Tennessee Senate candidate says Kavanaugh accuser ‘credible’
NASHVILLE, Tenn. (AP) — Democratic Senate candidate Phil Bredesen said that the woman accusing Supreme Court nominee Brett Kavanaugh of sexual assault “has a very credible story.” But he said the Judiciary Committee should consider proceeding with a vote if she does not testify under oath.
“She has put herself out there,” Bredesen said Wednesday of Christine Blasey Ford, who accused Kavanaugh of assaulting her while they were both in high school. “If she decided at this point to not do something, I guess the committee has to go ahead and say, ‘Well, we were willing to listen, but if she’s not willing to talk, we need to go forward.’”
The Senate race in Tennessee, a reliably Republican state, is among the most competitive in the nation. Bredesen, the state’s former governor, is running as a centrist against Republican U.S. Rep. Marsha Blackburn and keeping a distance from national Democrats. The seat is opening up with the retirement of Republican Sen. Bob Corker.
Bredesen has avoided saying whether he would vote to confirm Kavanaugh for the high court if he were in the Senate. In an interview with The Associated Press, he said the allegation against Kavanaugh, if true, is “close to being disqualifying, if not disqualifying.”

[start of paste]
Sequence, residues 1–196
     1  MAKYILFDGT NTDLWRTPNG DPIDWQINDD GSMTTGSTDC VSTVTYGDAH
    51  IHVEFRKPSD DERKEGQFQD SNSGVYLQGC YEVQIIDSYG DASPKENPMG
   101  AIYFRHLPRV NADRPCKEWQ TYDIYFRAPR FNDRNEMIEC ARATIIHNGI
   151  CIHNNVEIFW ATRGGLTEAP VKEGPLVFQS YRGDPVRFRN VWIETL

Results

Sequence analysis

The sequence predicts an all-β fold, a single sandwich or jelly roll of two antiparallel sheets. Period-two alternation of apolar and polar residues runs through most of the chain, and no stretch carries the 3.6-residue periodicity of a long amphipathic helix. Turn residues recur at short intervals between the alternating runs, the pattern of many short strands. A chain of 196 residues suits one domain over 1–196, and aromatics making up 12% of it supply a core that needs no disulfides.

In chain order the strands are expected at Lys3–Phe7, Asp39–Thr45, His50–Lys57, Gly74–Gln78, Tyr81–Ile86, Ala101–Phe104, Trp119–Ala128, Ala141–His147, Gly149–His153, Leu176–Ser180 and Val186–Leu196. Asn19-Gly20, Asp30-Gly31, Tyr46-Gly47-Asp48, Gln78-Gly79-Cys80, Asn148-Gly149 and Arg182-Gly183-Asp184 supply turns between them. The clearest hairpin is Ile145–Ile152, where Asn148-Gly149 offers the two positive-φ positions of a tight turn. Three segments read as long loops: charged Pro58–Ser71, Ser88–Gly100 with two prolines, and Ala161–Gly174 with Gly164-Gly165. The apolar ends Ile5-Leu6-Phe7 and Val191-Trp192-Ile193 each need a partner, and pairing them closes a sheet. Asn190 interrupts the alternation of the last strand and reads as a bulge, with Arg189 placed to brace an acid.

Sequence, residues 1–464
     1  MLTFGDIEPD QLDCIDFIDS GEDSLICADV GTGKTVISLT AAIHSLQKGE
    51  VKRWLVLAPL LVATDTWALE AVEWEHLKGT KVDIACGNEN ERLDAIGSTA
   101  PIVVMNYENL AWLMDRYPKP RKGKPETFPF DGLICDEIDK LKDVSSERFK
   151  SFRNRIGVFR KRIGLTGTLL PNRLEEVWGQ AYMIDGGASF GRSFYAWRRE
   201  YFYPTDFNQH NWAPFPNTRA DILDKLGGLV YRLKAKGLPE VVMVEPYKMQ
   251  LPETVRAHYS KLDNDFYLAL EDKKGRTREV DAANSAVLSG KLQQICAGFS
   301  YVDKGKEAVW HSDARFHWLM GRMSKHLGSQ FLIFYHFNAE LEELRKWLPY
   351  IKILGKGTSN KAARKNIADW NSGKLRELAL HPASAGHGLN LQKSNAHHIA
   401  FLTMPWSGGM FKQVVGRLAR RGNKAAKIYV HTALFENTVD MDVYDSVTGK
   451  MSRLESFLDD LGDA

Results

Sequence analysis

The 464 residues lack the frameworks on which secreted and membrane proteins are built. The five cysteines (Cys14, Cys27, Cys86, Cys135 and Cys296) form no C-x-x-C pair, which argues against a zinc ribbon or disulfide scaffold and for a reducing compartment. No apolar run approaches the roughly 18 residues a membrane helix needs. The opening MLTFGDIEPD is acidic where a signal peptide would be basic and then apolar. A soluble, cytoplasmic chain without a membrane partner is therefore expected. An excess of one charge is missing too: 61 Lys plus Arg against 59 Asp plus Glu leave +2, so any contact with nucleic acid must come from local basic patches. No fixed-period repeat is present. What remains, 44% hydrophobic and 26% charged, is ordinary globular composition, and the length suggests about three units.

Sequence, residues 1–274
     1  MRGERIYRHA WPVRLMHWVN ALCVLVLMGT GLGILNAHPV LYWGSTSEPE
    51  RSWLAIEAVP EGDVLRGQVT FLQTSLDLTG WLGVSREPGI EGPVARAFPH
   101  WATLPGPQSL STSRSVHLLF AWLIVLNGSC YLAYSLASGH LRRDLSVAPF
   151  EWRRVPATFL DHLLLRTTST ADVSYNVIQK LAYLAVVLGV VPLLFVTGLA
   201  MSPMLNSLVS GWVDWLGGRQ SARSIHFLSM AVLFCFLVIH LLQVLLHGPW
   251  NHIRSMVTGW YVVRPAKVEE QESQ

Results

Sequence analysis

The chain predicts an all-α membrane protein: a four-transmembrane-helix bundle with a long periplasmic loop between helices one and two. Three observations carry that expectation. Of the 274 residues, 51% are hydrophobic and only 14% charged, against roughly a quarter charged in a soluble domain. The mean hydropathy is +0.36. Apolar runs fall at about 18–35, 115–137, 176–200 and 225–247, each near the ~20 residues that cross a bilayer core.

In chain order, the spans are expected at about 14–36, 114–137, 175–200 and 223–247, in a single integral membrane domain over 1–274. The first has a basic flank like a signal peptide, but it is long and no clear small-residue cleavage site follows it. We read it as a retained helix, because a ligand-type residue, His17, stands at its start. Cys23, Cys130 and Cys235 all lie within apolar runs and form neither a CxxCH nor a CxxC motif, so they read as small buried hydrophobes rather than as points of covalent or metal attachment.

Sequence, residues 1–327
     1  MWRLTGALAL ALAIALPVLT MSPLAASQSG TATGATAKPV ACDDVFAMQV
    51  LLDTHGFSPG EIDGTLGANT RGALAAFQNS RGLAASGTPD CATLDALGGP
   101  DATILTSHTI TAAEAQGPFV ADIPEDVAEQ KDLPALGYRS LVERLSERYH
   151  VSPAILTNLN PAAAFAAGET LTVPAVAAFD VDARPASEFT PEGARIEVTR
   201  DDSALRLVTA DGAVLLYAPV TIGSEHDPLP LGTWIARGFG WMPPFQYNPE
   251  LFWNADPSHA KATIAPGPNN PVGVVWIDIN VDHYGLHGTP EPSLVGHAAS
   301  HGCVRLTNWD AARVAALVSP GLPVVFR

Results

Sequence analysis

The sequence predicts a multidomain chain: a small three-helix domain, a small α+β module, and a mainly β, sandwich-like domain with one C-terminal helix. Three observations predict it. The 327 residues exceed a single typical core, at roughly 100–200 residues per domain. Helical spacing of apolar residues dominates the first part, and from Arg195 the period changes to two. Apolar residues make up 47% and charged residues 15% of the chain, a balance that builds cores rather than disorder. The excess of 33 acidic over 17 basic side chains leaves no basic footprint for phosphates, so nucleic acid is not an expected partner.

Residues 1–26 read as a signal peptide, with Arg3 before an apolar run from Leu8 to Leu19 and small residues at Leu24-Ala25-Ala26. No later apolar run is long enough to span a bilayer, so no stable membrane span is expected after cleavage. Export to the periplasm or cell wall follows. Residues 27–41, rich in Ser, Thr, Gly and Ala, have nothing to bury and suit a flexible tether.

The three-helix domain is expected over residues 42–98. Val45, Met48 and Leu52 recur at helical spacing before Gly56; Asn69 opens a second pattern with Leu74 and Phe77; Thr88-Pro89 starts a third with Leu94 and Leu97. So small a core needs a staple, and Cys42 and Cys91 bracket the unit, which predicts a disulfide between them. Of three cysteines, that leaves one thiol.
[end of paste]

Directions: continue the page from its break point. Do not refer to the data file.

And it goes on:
But Bredesen said hearing directly from Ford would have significant sway over his decision.
“Even what she’s done so far would impact my thinking, but not nearly as much as if she sat there and I had a chance to question her,” Bredesen said.
The Judiciary Committee has invited both Ford and Kavanaugh to testify on Monday, though Ford’s attendance is uncertain. She’s said she wants the FBI to investigate her allegation before appearing in front of lawmakers — a stance that Democrats support but that President Donald Trump and Senate Republicans say won’t happen.
Ford alleges that at a house party in the 1980s, a drunken Kavanaugh tried undressing her on a bed and stifling her cries before she fled — an accusation Kavanaugh has repeatedly denied. Kavanaugh and Ford were both students at elite private schools near Washington.
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